From the American Postal Workers Union:
When Treasury Secretary Jacob Lew told Congress last week of plans to take money from two federal employee retirement funds to avoid defaulting on the national debt, there was hardly a peep. No outrage. No dismay. Not even a question.
APWU President Cliff Guffey wants to know why not.
Guffey is ticked off because the federal government is taking a chunk of money that properly belongs to the Postal Service – while the USPS teeters on the edge of bankruptcy.
“Postal customers and employees have overpaid $3 billion into the Federal Employees Retirement System, but Congress has refused to return the surplus – even while the USPS is forced to shutter thousands of post offices, close hundreds of mail sorting facilities, lower service standards, and delay mail delivery,” he said.
“The government is helping itself to money that was paid by postal customers and employees, not taxpayers,” Guffey pointed out.
“The federal government won’t let the Postal Service touch that money, but they’re taking it themselves,” the union president said. “How brazen can they be?”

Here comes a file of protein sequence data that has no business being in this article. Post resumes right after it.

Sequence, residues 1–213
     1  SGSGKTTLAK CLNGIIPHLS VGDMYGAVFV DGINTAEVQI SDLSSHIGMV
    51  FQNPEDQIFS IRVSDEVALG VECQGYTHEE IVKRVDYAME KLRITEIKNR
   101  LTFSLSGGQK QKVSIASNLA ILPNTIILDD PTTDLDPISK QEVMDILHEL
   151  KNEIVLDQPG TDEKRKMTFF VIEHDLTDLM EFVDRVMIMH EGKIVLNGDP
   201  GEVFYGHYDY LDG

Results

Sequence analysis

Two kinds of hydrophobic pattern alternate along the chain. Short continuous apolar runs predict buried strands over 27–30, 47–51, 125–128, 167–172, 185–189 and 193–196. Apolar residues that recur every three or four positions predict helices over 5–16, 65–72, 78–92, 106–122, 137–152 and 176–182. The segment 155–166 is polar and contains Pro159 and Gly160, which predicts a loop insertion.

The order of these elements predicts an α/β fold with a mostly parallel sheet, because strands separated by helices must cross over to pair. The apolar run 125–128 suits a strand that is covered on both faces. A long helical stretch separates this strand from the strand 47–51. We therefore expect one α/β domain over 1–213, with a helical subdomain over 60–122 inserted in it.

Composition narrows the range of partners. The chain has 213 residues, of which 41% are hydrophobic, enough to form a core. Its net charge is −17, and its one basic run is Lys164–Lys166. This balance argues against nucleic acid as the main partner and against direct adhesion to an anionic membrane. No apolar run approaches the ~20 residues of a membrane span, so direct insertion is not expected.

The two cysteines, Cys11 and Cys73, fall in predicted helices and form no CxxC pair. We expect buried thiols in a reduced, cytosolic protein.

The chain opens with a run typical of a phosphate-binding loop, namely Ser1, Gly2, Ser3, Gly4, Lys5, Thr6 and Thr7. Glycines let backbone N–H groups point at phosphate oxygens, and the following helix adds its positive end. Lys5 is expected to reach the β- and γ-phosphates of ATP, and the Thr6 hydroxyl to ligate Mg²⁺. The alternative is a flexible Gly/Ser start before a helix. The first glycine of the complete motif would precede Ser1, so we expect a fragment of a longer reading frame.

“The government has borrowed before from federal employee pension accounts and repaid the money,” Guffey noted. “We fully expect it to be repaid this time as well. But that’s not the point.”
In addition to the federal pension funds, the Treasury is tapping the controversial Postal Service Retiree Health Benefits Fund. “The one that’s bankrupting the USPS,” Guffey said.
“The fund has more than $46 billion in it that the government won’t let the Postal Service use, even though the agency is on the verge of a financial collapse,” he said, “but they’re helping themselves to it.”
Congress created the fund in 2006 when it passed the PAEA, which forces the Postal Service to pre-fund a 75-year liability in a 10-year period. The payments, which are approximately $5 billion annually, account for approximately 70 percent of the Postal Service’s current net deficit for the period from 2007 to 2012.
“Congress insists the USPS must pre-fund. They say the money must be there, but they don’t object when the government grabs it,” Guffey said.